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Title: Liszt and 'The Musical Times' : a study of reception in Victorian England
Author: Widén, Anne Kristiina
ISNI:       0000 0001 3567 8602
Awarding Body: Royal Holloway, University of London
Current Institution: Royal Holloway, University of London
Date of Award: 2006
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This dissertation explores Franz Liszt's (1811-1886) reception in nineteenth-century England as revealed by Victorian issues of 'The Musical Times' and 'Singing Class Circular'. This journal was one of the most significant British music periodicals of the time, whose texts on Liszt - often written by eminent scholars - merit careful research. The study concentrates on the years between 1865 and 1901, a period defined by the start of Walter Bache's (1842-1888) regular London concerts promoting Liszt's music, and by the death of Queen Victoria. I examine the content and contexts of nineteenth-century texts that dealt with Liszt and his music, thus enhancing the understanding of the pianist-composer's early English reception and also shedding light on his position in the country in later times, as many Victorian views had a persistent effect on his reception. The thesis centres on the reception of Liszt's mature works composed after his virtuoso performing career and the challenges that the performers of his music faced in English musical society. In order to enrich the thus formed picture, other publications are also investigated; however, texts in The Musical Times remain the main point of reference. In Chapter 1,1 examine the assumptions and agendas that underlie such writings by paying attention to questions of language and rhetoric. In the following chapters, I consider Liszt's reception in the light of the historical, aesthetic and other contexts in which texts describing his life and output were produced, and in which performances of his compositions took place. The late Victorian era also saw a growing interest in musical nationalism. This process had a significant bearing on the evaluation of Liszt by the Victorians, and it is particularly for this reason that ultimately I focus on how the virtuoso was received by a musical culture espousing ideals of `Englishness'.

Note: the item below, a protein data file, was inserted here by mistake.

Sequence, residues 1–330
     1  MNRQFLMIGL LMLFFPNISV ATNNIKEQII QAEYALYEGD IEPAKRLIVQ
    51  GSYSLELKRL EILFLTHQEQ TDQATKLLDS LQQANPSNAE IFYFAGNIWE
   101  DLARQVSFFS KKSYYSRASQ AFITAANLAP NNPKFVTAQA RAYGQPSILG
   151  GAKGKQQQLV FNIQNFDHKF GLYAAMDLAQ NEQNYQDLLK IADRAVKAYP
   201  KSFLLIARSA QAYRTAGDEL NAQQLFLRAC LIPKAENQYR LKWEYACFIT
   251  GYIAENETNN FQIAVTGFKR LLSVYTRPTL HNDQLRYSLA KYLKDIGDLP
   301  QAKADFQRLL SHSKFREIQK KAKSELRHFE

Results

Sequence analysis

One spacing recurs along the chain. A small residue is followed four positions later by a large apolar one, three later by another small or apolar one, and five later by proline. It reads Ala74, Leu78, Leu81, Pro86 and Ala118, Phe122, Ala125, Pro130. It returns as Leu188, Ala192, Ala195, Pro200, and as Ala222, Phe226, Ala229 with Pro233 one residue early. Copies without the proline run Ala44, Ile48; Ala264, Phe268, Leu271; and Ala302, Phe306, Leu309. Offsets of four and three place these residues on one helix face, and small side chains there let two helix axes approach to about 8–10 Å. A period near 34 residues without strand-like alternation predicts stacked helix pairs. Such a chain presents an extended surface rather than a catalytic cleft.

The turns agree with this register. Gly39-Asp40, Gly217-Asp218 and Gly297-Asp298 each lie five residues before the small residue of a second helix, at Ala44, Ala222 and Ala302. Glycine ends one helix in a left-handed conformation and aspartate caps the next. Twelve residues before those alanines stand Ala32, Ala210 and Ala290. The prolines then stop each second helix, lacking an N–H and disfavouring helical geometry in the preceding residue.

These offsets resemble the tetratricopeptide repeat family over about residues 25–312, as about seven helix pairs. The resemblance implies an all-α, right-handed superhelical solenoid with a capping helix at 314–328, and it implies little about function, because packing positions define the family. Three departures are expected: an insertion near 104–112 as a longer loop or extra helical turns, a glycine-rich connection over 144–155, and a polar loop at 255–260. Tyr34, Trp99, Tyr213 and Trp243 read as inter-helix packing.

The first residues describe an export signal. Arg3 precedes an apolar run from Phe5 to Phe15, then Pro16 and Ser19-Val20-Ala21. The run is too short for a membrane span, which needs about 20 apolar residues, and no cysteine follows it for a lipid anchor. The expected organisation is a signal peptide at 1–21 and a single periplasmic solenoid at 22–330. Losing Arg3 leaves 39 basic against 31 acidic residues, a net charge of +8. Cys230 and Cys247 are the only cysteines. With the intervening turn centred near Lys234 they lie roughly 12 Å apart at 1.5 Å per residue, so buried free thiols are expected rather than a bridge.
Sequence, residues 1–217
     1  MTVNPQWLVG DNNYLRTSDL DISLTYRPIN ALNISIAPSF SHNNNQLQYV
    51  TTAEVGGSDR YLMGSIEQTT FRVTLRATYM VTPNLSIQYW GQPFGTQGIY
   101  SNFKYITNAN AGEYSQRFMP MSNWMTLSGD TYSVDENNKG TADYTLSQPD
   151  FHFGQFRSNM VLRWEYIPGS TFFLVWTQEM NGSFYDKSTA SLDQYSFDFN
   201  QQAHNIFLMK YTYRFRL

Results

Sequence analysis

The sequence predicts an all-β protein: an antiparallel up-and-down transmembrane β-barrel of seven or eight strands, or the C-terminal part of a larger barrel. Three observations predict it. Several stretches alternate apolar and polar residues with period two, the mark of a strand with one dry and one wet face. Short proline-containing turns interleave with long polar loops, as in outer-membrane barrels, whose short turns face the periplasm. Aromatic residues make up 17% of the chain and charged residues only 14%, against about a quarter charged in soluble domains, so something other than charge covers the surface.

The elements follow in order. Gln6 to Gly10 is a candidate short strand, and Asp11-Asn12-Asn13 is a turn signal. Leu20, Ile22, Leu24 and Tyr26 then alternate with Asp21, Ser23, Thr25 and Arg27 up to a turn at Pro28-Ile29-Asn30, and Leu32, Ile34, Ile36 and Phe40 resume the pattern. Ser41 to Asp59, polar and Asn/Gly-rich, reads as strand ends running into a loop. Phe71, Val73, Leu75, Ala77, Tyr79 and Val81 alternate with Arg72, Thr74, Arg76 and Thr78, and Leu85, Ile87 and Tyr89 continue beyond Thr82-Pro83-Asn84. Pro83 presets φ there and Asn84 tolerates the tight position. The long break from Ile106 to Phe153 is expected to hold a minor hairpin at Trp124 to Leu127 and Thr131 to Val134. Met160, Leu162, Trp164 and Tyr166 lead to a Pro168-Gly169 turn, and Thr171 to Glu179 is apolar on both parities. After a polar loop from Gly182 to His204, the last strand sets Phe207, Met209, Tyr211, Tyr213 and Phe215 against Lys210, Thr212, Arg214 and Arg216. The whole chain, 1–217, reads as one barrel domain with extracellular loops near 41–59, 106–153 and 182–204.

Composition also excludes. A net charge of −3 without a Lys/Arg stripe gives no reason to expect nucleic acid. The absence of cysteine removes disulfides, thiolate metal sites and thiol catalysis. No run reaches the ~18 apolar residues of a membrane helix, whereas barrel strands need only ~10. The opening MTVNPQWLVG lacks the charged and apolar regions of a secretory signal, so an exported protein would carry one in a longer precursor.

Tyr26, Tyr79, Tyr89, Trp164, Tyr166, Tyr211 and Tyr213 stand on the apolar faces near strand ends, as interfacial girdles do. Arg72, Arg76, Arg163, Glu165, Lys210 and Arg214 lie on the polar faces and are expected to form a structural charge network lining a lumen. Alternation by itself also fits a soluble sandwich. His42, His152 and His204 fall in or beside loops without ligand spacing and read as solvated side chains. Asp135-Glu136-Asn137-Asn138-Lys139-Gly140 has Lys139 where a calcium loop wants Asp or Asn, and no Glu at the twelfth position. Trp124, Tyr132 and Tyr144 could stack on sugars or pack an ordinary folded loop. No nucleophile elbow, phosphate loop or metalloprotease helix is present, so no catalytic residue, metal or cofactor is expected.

Supervisor: Rink, John Sponsor: Not available
Qualification Name: Thesis (Ph.D.) Qualification Level: Doctoral
EThOS ID:  DOI: Not available